• Directionally, certainty-equivalent spending is a metric that you could plausibly want to maximize.
  • Maximizing certainty-equivalent spending is informative. It allows us to turn a single gamma dial to compute historically optimal parameters for complex strategies at different levels of risk aversion.

If you are making consistent choices, there is some objective function you are maximizing. Certainty-equivalent spending is one possible such objective function, which allows us to compute historically optimal strategies based on the level of risk you are willing to accept. Here is a complete table of results at different levels of risk aversion gamma:

Gamma Stock % Fixed % Variable % Floor % Mean Spending % Worst Case %
0 100.00 0.00 6.31 3.73 8.12 0.00
1 100.00 0.00 6.58 3.43 8.11 2.11
2 98.81 0.69 5.76 3.43 7.97 2.82
4 87.94 2.68 2.96 3.30 6.87 2.87
6 81.77 3.00 2.27 0.00 6.34 3.07
8 78.67 3.19 1.83 0.00 5.98 3.25
10 76.62 3.35 1.49 0.00 5.68 3.39
12 75.94 3.42 1.32 0.00 5.53 3.47
14 75.38 3.50 1.15 0.00 5.38 3.54
16 75.20 3.54 1.06 0.00 5.29 3.58



Using some of these rules, a retiree could often have achieved a higher expected withdrawal rate than 4%, at the cost of a modest worsening of the worst-case withdrawal rate. As risk aversion increases, stock allocation decreases, fixed spending increases, and variable spending decreases. The floor parameter is used only at low risk aversion, but may be generally useful in explaining rules. (Or if not, it may be superfluous.)

I don’t assert that one necessarily should maximize certainty-equivalent spending, or that empirically people do try to maximize it. But one could, and it generates a useful menu of strategy choices along a risk continuum.

All models are simplifications, but some are useful. In practice, this framework may allow retirees to visualize and choose between good rules at varying levels of risk tolerance. Knowing that a rule is the best performing according to our metric, and being able to visualize historical performance, may allow retirees to stay the course or make necessary adjustments in adverse environments.

There may be even better parameter setups (glidepaths etc.) and a better objective function to optimize. This general approach can accommodate diferent parameters and objective functions.

In performing this analysis, my goals were:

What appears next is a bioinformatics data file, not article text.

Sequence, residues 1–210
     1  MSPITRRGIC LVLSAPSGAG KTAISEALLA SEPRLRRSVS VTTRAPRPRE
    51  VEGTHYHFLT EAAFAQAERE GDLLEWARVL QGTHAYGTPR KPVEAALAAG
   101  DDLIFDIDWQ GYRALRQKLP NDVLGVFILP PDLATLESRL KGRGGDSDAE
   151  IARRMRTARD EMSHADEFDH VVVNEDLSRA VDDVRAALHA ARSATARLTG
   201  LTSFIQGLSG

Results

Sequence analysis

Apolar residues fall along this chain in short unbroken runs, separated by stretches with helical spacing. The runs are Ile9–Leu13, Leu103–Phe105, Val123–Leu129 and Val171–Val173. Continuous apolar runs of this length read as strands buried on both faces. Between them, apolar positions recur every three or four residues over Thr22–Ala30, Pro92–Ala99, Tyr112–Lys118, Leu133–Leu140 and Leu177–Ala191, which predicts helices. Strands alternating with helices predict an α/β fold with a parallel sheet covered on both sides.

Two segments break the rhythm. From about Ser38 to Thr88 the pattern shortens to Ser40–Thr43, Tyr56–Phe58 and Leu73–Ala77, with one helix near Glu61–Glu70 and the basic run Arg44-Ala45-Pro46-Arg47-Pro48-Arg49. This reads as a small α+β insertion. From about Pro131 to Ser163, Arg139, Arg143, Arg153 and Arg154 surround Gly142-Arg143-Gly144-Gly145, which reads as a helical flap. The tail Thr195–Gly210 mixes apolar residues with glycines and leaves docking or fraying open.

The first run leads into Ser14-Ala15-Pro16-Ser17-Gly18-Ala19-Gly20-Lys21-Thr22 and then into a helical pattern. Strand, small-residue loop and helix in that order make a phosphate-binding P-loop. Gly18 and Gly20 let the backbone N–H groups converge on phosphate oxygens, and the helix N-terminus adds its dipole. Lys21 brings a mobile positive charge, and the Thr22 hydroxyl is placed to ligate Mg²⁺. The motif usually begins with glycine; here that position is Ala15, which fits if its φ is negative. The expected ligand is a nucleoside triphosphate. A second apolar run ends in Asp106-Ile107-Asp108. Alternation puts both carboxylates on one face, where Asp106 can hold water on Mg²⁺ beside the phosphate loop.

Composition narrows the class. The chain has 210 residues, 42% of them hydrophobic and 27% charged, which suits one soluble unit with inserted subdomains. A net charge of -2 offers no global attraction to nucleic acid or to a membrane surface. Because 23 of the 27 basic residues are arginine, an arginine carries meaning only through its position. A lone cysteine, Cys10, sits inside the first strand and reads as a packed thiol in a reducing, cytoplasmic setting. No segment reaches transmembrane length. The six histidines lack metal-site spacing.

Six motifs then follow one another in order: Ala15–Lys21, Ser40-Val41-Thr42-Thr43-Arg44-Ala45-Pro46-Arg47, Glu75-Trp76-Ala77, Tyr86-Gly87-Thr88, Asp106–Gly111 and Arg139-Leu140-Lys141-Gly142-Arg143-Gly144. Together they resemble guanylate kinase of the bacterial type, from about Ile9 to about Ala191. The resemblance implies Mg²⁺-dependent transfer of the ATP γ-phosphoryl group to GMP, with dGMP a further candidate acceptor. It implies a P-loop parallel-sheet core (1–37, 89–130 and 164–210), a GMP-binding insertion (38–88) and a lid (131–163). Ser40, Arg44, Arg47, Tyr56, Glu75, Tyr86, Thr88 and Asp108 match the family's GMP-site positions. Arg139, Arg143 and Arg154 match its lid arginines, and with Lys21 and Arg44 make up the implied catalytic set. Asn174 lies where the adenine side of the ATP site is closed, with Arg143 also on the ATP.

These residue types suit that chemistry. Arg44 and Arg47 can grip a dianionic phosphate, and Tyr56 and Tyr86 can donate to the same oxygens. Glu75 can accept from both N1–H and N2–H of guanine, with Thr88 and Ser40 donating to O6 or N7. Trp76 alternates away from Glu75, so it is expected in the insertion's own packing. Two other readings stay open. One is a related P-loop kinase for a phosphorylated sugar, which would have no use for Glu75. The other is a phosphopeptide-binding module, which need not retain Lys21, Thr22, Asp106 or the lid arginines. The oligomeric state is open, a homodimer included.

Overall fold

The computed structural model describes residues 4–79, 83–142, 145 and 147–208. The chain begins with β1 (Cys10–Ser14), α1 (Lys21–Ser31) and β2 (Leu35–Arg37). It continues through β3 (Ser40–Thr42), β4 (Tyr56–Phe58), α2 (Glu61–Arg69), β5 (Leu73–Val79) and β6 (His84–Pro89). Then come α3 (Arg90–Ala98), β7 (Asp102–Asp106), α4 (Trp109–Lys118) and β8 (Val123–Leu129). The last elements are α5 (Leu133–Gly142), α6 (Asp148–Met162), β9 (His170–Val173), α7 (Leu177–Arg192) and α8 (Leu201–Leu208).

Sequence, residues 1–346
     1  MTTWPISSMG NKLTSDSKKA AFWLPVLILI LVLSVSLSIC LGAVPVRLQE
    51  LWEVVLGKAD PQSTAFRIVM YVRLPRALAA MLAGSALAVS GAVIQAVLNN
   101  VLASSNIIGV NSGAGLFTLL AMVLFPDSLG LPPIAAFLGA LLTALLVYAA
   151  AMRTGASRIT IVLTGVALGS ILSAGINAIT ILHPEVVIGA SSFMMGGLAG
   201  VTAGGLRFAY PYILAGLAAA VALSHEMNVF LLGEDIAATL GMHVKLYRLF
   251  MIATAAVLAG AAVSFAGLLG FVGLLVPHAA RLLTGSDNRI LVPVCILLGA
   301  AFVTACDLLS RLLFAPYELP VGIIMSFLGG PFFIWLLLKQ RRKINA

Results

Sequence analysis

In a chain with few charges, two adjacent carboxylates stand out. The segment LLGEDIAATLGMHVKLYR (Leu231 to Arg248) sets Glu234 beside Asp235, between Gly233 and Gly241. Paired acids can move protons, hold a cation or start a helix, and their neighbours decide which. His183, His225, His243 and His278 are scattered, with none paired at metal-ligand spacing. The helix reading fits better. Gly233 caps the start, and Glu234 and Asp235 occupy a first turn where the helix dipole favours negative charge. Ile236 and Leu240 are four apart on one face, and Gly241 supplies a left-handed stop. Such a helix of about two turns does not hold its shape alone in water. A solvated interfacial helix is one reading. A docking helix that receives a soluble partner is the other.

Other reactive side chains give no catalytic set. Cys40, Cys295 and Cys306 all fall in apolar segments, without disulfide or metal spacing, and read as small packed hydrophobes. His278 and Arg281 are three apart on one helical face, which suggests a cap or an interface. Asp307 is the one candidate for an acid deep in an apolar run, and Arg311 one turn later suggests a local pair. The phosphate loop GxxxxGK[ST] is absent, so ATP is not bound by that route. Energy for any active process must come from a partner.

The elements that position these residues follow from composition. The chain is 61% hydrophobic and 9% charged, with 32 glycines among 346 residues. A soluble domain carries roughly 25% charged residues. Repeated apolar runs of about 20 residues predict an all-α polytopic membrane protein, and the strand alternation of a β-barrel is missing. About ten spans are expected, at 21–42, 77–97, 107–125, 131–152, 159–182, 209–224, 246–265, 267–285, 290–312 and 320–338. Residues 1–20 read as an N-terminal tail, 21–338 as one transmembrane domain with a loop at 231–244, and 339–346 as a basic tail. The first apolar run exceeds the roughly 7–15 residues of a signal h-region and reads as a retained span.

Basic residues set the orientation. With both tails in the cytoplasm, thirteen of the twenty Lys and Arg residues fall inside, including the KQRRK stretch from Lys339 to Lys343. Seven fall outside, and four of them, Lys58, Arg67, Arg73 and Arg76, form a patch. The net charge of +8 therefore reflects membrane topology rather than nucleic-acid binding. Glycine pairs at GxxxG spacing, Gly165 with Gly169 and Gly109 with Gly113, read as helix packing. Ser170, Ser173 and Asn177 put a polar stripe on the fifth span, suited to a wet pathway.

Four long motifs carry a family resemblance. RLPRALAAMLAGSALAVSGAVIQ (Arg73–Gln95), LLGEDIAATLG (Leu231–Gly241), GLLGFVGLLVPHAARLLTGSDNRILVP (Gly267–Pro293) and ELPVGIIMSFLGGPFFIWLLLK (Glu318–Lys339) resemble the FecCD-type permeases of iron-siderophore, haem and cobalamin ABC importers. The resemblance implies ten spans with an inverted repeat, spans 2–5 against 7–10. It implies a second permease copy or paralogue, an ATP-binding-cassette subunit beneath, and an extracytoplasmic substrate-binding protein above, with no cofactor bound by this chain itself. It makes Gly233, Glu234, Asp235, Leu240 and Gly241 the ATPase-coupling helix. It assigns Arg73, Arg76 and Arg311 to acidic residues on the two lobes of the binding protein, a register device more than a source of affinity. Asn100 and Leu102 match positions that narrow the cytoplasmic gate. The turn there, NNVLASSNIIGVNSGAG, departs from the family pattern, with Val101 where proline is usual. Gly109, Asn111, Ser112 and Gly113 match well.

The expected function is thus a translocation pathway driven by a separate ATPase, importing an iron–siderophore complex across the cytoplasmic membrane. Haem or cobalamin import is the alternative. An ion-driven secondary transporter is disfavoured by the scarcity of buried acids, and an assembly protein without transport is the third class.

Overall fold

1) A simple model where we can create understandable strategies that may improve on a fixed withdrawal, at varying levels of risk aversion.

2) To evaluate leading gradient-free optimizing frameworks2, including scipy.optimize L-BFGS-B, Optuna, Hyperopt, Platypus, Nevergrad, and Ax. The two that worked best were L-BFGS-B and Optuna, with Dlib, Platypus also yielding useful results. Optimizations were run with and without the floor parameter (‘No floor’: floor fixed at 0). Numerical optimization finds a numerical approximation of the best objective, but we see the optimizers mostly converge to very similar answers, in a reasonable amount of time.

Best objective value found by gamma, selected optimizers:


Optimizer runtimes, selected optimizers (10 runs, 5000 iterations requested, desktop with 12 CPU threads):


3) To build a flexible Python framework for safe withdrawal retirement problems that accomodates:

  • Any generator of historical asset returns: historical, Monte Carlo, roll your own market environment as a Python generator function.

  • Any asset allocation strategy: fixed weights, glidepath schedules, roll your own based on any parameters.

  • Any withdrawal strategy: fixed withdrawal, variable percentage, combinations, glidepaths, any function.

  • Any metrics to evaluate retirement cohort outcomes: total spending, certainty-equivalent spending, roll your own. Support survival tables, i.e. calculate expected metric for living retirees taking into account retirement age and survivorship)

  • Any (gradient-free) optimizer to find best parameters: e.g. asset allocation, withdrawal parameters to maximize a metric in the given market environment.

Code is found here.

An online tool allowing you to try out and visualize different rules is here.

Additional research that may be pursued within this framework:

  • Consider additional asset classes and allocation glidepaths instead of fixed allocations.
  • Consider more complex spending rules, such as glidepaths, that change the spending formula over time to allow you to spend more as you get older.
  • Instead of fixed 30-year retirements, incorporate an age parameter and mortality curve, and consider only trajectories where the beneficiary is alive.
  • Consider bequest utility, add to spending the amount left over at death as equivalent to some fraction of a similar amount of lifetime certainty-equivalent spending.
  • Consider other objective functions that can be maximized subject to a risk aversion or loss aversion parameter.
  • Compare the recommendations of optimal rules empirically estimated from annual historical returns to recommendations from the formulas derived by Nobel Prize winner Robert C. Merton under continuous-time and lognormal return assumptions, as in “Optimum consumption and portfolio rules in a continuous-time model (1970)” and related papers. (Wikipedia).

Much appreciation to Adam Goldstein and Rudy Beutell for helpful comments and suggestions.


  1. At risk aversion >=1, as wealth approaches zero, CRRA utility approaches -∞. Objective functions that diverge to infinity can prevent optimization algorithms from converging. At risk aversion > 1, CRRA utility is bounded by a constant as wealth approaches +∞. When you are optimizing at a high level of wealth, utility approaches the upper bound and the gradient approaches 0, again causing optimization convergence problems. If you are maximizing CRRA utility, you may need to calibrate inputs to stay within a numerically well-behaved region that shrinks as you increase risk aversion. Still, it should be feasible to find utility-maximizing rules, but it may take longer, and the concept of utility may be even harder to explain than certainty-equivalent spending. 

  2. Gradient-free optimization frameworks can run on any objective function without special accomodation. Gradient-based optimization frameworks, such as TensorFlow or cvxopt, generally require an objective function built to framework specifications that enable automatic differentiation. This allows the use of GPUs and algorithms that scale to extremely large convex and non-convex problems.